One month later, Mike Richards’ future remains murky

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When will the other shoe drop?

It’s been a little over a month now since the Los Angeles Kings terminated Mike Richards’ contract for a “material breach.” Doing so avoided a costly buyout, but it also opened the door to the NHLPA potentially filing a grievance.

The NHLPA promptly released a statement that it was reviewing the situation and the next day a report emerged that Richards was allegedly involved in a border incident involving the prescription drug oxycodone.

Since then though the NHLPA hasn’t filed a grievance and Richards still hasn’t been charged with anything. So when will we know for certain what Richards’ status is?

Although it’s possible that nothing is imminent, there is a major deadline to consider. The NHLPA only had a 60-day window to file its grievance, so it must take action by Aug. 29 if it plans to do so at all, per TSN. From there the players’ union can request an expedited hearing, potentially opening the door to this matter being settled by training camp.

The union might be waiting in the hope that the Royal Canadian Mounted Police will make its intentions known first though. Sgt. Bert Paquet confirmed that the investigation into Richards is still active. However, the RCMP’s deadline to file charges might lead to them making a decision after the NHLPA has to take a position.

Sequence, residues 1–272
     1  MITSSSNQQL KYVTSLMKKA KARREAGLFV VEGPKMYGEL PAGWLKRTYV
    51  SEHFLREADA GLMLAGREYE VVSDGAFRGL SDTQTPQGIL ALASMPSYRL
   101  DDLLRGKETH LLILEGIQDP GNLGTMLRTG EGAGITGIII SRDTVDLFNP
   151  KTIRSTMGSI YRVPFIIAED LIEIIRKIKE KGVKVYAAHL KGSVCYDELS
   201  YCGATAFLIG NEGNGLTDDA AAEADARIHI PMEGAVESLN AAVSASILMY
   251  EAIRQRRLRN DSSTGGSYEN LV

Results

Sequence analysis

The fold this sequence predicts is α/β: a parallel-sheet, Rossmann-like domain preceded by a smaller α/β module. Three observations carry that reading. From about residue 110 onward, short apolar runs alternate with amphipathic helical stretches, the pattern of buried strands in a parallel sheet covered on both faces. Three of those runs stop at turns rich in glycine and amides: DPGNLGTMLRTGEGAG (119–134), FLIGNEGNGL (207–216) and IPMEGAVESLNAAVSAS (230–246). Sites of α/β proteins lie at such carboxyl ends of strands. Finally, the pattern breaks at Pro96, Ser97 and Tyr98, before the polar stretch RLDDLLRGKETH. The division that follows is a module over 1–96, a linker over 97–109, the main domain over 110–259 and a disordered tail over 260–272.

“In a federal drug case, and I am not saying this is one, we usually have more than a year before courts say we can no longer prosecute,” Paquet said. “It depends on the actual charges in this case, if there are any. But we’re not worried about that, we have several more months before we’re at the point where that happens.”

If nothing else, the Kings will have a $1.33 million annual cap hit on their books next season due to Richards’ recapture penalty, but if Los Angeles has to buy him out under normal circumstances, that would result in fluctuating cap penalties that would total roughly $14.7 million over 10 years. At its peak, the Kings would be charged $4.2 million annually for the 2018-19 and 2019-20 campaigns.